Minister for Housing Eoghan Murphy has said he is in negotiations with the Department of Public Expenditure and Reform about continuing the Government-backed Rebuilding Ireland Home Loan scheme.

He was responding in the Dáil to Opposition calls for clarification on the status of the initiative.

An internal document from the Department of Public Expenditure and Reform, released to RTÉ’s Morning Ireland under Freedom of Information, revealed the scheme has been put on hold because it has run out of funding.

Speaking in the Dáil this afternoon, Mr Murphy said he had indicated that a second tranche of funding would be needed for this scheme when the first one expired.

He said that only half of the first tranche of €200m had been drawn down to date and, in some cases, loans had been approved but not drawn down.

Mr Murphy said the lag between an approval and a draw down was not necessarily on the local authority's side.

He said that in some cases it took time to find a home and complete a sale and this is where the delay can arise.

Earlier, the Taoiseach said the Government would consult the Central Bank about extending the €200m cap.

Leo Varadkar told the Dáil that 575 people had been helped to buy their first home through the scheme and a further 1,000 have been approved, but have not yet drawn down the funding.

He said the Government would consider increasing the €200m cap and consult the Central Bank as to whether it is comfortable with the Government offering more of these loans.

Mr Varadkar was responding to Fianna Fáil leader Micheál Martin, who said that low income families had been let down and their hopes raised and then dashed due to what he said was the "fanfare" of the Government.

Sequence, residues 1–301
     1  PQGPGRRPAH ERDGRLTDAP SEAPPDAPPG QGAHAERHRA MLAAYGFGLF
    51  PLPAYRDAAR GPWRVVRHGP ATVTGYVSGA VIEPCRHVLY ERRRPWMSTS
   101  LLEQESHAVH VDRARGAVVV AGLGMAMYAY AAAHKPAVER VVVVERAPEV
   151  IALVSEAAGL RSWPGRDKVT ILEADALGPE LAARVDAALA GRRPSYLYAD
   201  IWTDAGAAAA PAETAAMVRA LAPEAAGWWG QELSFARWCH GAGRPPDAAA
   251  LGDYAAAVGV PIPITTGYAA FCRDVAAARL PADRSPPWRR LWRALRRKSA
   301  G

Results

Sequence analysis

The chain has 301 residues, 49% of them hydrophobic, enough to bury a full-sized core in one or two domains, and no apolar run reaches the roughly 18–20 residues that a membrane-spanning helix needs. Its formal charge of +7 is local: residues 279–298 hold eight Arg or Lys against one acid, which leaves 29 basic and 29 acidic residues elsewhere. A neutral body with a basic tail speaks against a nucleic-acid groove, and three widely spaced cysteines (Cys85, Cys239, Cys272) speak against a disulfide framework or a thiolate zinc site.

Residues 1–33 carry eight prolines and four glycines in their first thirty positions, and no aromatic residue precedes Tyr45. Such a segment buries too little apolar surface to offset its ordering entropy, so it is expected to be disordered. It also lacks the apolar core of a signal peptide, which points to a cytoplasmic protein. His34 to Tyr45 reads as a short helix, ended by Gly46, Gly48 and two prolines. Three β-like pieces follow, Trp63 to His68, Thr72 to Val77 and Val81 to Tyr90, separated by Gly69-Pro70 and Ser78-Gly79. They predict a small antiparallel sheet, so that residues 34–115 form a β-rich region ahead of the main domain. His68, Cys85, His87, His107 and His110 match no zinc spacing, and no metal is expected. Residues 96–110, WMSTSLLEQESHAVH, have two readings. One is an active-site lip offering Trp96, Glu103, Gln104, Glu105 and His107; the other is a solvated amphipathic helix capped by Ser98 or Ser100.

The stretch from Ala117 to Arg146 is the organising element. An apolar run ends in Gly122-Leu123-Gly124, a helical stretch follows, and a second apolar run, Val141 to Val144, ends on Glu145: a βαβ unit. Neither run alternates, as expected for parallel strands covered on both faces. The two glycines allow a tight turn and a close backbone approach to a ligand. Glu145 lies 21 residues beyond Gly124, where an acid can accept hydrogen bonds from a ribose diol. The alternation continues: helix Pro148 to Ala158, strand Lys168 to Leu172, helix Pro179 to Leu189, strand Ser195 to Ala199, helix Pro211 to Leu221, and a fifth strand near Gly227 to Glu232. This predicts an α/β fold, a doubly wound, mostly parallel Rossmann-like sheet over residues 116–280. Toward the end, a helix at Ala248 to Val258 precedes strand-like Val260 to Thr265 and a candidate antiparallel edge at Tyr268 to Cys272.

The briefing note said the Department of Housing "has been advised that no further approvals should issue for now".

The note added that demand has far exceeded expectations and a review is under way.

The Rebuilding Ireland Home Loan allows first-time buyers to borrow up to 90% of a property's value from their local authority.

Applicants have to show they have been turned down for mortgage approval by two banks. Gross earnings cannot exceed €50,000 for a single person or €75,000 for a couple.

When the loan was launched in February last year the target was to approve 1,000 loans over three years.

The department memo, dated 31 January, said that demand for the scheme has "far exceeded expectations" and that 1,550 recommendations for loan approvals have been issued since its launch.

In response to additional questions the Department of Housing confirmed that a further tranche of funds is required.

It said that it is in discussions with the Departments of Public Expenditure and Reform and Finance with regard to an extension of the scheme.

Dave Murphy from Dublin applied for the scheme in South Dublin County Council in November.

He is awaiting a decision on his application and told Morning Ireland it would be "devastating" if funding was not available.

He said: "We are both working full time but we can't get a mortgage from any of the main lenders. We earn too much for HAP or social housing.

"This scheme was a perfect fit on paper, but the reality is that you are left in a state of not knowing.

"We hope our application is already in the pile to be approved. But if there is no funding I don't know what we are going to do. We don't know where to go from here.

"My wife is back living in her mother's house with two kids. She is on a blow-up mattress on the floor. We have no home to call our own."

One of the largest local authorities in the country, Kildare County Council, confirmed last month that it was not approving any further loans until additional funding was confirmed.

Reporting by Louise Byrne and Aisling Kenny